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This year, The Lawyer’s annual ranking of the largest UK law firms by turnover is available as an interactive, digital benchmarking tool. For the first time this will allow you to manipulate each data set against the metrics of your choice.
Ashurst client Cerberus's acquisition of troubled software retailer Torex has meant the company's administrating banks have been able to recover most of their money.
Advised by Allen & Overy (A&O), the Royal Bank of Scotland (RBS) recovered the majority of the £202m it leant to Torex when the heavily indebted software company went into administration following a continuing probe by the Serious Fraud Office (SFO).
The deal sees Cerberus buy the company's assets for £204m, but not the holding company.
The sale was part of the pre-pack administration – when a third party agrees with the administrator to buy the insolvent company's assets to reduce the costs of a normal administration – arranged by RBS. It also cuts down on negative publicity.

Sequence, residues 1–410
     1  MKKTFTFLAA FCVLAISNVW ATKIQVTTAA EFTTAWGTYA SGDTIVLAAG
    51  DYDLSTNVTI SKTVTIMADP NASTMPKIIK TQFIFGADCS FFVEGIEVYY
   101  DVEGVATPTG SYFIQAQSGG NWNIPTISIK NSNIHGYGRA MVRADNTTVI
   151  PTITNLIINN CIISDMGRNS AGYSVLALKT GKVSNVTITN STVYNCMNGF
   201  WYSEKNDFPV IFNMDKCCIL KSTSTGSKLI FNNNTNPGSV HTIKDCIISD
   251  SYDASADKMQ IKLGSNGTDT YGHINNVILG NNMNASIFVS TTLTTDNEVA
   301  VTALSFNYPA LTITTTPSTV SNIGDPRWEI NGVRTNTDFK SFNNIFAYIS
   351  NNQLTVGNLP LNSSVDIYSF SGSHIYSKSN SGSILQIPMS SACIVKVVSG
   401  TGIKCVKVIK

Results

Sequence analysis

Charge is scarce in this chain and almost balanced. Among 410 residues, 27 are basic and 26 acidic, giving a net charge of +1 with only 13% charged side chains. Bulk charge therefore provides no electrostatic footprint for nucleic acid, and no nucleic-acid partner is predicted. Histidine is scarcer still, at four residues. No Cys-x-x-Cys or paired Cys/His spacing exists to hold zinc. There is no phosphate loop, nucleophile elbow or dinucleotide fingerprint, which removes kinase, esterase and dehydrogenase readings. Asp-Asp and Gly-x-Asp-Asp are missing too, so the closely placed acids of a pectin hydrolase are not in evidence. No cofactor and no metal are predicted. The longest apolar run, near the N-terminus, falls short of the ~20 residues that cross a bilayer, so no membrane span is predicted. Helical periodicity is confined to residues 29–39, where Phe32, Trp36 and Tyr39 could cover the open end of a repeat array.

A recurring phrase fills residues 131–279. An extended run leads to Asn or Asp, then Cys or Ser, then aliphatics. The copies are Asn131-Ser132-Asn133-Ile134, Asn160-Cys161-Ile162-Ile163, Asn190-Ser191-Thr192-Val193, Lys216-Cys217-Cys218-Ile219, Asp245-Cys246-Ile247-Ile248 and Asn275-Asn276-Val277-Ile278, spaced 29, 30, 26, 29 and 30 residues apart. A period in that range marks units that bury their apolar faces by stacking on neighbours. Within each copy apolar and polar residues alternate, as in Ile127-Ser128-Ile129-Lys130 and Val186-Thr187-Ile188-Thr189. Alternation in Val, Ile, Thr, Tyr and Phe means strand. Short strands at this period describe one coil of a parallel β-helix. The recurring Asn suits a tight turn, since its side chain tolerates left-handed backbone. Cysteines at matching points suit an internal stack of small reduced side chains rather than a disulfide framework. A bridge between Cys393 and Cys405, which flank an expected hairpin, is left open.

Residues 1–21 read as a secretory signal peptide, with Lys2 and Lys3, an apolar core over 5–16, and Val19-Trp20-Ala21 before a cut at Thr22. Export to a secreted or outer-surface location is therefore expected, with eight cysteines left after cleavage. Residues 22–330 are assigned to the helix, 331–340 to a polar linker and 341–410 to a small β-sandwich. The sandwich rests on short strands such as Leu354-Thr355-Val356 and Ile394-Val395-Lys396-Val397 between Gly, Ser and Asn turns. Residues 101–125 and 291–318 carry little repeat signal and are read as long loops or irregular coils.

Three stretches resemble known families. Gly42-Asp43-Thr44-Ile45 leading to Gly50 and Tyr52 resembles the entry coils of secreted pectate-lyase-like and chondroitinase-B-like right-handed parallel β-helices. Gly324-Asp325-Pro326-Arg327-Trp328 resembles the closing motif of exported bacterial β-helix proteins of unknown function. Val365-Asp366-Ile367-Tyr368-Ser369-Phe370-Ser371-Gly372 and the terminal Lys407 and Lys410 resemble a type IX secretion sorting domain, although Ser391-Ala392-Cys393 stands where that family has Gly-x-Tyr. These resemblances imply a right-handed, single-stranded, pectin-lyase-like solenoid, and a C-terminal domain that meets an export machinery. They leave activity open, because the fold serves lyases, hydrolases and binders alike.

A&O banking partner Trevor Borthwick, who led on the deal, said: "Pre-pack administration is still a relatively new concept, but in this case it’s helped bring about the best possible solution for Torex, providing a basis from which the business can continue to focus on the needs of its clients."
Linklaters advised Torex both on the probe and on the Cerberus deal. Schulte Roth & Zabel also advised Cerberus as US counsel.
This was the second deal for Cerberus that Ashurst has closed this week. Corporate partner Giles Boothman manages the relationship. The top 10 firm also advised its marquee hedge fund client on its acquisition of the Focus DIY retail business from Clifford Chance clients Duke Street Capital, Apax and Focus chairman Bill Archer for £250m.